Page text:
|Sourced from the Author's website.|
Firstly, the blurb:
Two sheltered princesses, one wounded warrior; who will live happily ever after?
Princess Margrethe has been hidden away while her kingdom is at war. One gloomy, windswept morning as she stands in a convent garden overlooking the icy sea, she witnesses a miracle: a glittering mermaid emerging from the waves, a nearly drowned man in her arms. By the time Margrethe reaches the shore, the mermaid has disappeared into the sea. As Margrethe nurses the handsome stranger back to health, she learns that not only is he a prince, he is also the son of her father’s greatest rival. Sure that the mermaid brought this man to her for a reason, Margrethe devises a plan to bring peace to her kingdom.
Meanwhile, the mermaid princess Lenia longs to return to the human man she carried to safety. She is willing to trade her home, her voice, and even her health for legs and the chance to win his heart….
I have to admit the story is pretty predictable, and despite one slight twist on the original story (partly fuelled by the new character, Margrethe, and partly down to Lenia's actions) Andersen's classic is relatively untampered with. When I finished the book I felt cheated out of the promise that this would be a modern retelling. However, reading back over the reviews I noticed that, cleverly, the word 'modern' wasn't in fact used once, although 're-invention' and 'surprising take' were thrown around.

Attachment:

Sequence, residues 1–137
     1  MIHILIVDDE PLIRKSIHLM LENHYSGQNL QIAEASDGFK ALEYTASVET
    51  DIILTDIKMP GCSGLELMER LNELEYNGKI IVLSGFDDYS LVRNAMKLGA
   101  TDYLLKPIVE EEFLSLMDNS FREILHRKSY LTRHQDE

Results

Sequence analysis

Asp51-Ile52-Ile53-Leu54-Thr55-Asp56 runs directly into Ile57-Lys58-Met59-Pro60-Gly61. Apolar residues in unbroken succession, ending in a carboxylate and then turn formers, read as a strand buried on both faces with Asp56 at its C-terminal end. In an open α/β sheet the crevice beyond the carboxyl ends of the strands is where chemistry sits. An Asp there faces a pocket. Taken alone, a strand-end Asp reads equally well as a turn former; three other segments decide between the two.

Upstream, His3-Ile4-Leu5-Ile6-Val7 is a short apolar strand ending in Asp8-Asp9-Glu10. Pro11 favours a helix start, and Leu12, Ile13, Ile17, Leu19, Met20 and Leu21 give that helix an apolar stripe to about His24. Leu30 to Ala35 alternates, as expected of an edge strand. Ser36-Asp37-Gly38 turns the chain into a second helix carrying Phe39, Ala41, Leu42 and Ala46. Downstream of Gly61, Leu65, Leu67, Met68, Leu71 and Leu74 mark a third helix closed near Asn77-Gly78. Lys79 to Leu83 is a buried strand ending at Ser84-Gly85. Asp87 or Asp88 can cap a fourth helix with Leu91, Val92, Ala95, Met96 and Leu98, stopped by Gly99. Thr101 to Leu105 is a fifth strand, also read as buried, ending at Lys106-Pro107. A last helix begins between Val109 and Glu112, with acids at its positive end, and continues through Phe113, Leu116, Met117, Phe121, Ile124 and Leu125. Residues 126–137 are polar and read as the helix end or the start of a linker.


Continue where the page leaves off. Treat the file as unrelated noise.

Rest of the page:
But then, if the original is so closely adhered to, how 'modern' can you make a story that values women differently? People talk about The Little Mermaid with affection for depicting a woman taking control of her life and pursuing her dreams...but ultimately this dream does not challenge the prevailing discourses that keep women in their proper place, as the Mermaid's desire is to become a wife. In Turgeon's retelling, the role of mother and wife is an unchallenged one; at first Margrethe seems 'modern' in that she has pursued education and takes an interest in politics (the era the book is set in marks this as unusual) but the second her position is threatened by another woman, her political motivations are forgotten amidst a delirium of jealousy, self loathing and body complexes.
Mermaid may not appeal to the feminist in me, but it does the aestheticist; there was a beauty in the imagery and at times a poetic lilt to the language, undoubtedly enhanced by the romantic settings (e.g. a convent on a stormy coastline at the edge of the world), that I would love to see more of in modern fiction.